But let me critique this from closer to home. When God finished the creation (including people), Genisis 1:31 tells us God saw everything that God had made, and indeed, it was very good. Got that boys? God likes God's creation, and is probably not in any great hurry to get rid of it. The fact that many of us find it so terrible is our problem, not God's. And in any event, God has given us the tools that we need to make things better for ourselves. The fact that we generally fail to take advantage of these tools is again our problem and not God's.

It is certainly nice for us to think that rather than requiring us to toil away for a few billion years, working towards the realization of the kingdom of God, that God will just step in, snap God's fingers, and take care of the whole thing for us. (Well, to be fair, these end-of-the-world types don't think that God will do everything. God will, you know, requires us to send out a few emails with our favorite scripture verses enclosed. That God, what a taskmaster!). But isn't it maybe time, a million or so years into our history as sentient creatures, to accept as quite probable the notion that that's just not how God works?

Saturday, July 01, 2006

Funny, but sad

Wow. While reading this article on CNN I saw this and had to laugh:
"What would cause a godly woman to do such a thing?" asked neighbor Sharon Everitt, echoing the question that has hung over the rural town since late March. "Christians don't shoot Christians."

Excuse me? I think that quite a number of them shot each other during WWII. And then of course there is the unspoken part of that statement: No problem christians shooting non-christians.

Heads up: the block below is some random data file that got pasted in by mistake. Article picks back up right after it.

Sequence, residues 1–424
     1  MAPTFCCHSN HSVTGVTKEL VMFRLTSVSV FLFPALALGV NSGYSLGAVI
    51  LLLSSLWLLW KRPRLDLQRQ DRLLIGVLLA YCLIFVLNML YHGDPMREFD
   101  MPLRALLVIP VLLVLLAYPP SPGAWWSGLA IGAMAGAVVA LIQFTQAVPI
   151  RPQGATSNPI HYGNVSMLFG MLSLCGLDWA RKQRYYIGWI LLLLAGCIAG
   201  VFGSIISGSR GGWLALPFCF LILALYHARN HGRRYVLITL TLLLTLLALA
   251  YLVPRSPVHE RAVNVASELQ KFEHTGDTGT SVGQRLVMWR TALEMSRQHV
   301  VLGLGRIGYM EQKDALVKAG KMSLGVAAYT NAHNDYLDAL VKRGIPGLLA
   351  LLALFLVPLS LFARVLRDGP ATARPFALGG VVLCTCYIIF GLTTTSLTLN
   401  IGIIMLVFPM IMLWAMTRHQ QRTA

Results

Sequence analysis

Not to bash christians! I am a christian. But I believe we were instructed to know thyself, and we are all of us potential murderers.

Thursday, July 21, 2005

BWCA

Well, I haven't posted in forever, so I probably should. I spent two weeks on a trip to the Boundary Waters Canoe Area (BWCA) in northern Minnesota with our church's youth group. It was six days driving and six days canoing with six teenagers (including my number one daughter). Just a coincidence that that is "666"? Hmmm.

Actually, the trip was a lot of fun. I don't normally interact much with the kids at church, and this trip turned out to be a very nice way to get to know some of them better. I have enormous respect for those kids after this trip - they worked hard, pitched in, and stayed cheerful under some pretty trying circumstances (principally 4 days of rain).

The drive up and back was greatly enhanced by the fact that we spent the nights both on the way up and on the way back at host churches. Two of our church's previous vicars are now pastors at churches strategically placed on the route from Texas to Minnesota, and they were kind enough to let us sleep in their churches. We enjoyed visiting and sharing fellowship with them, and we got a wonderful home-cooked meal on the way back - just the thing after all of the dehydrated trail food. It's suprising sometimes to discover connections where you didn't really know that they existed.

The time on the water was challenging, but we learned fast. My crowning triumph was the recollection that birch bark is very good for starting fires. I learned this as a child growing up in Wisconsin - probably in my fourth grade Wisconsin history lessons. Who would have thought it would ever be so useful? But after spending about 45 minutes trying to light a fire using wood that had been rained on for two days, it turned out that birch bark was just the thing. We learned how to set up camp in the rain. We learned how to manuver our canoes in strong winds and driving rain. We learned how to get everything dry whenever the sun came out. We learned how to efficiently portage our canoes and gear. We learned how to rely on each other, and to appreciate each other's talents. We learned that black flies can bite through two layers of clothing.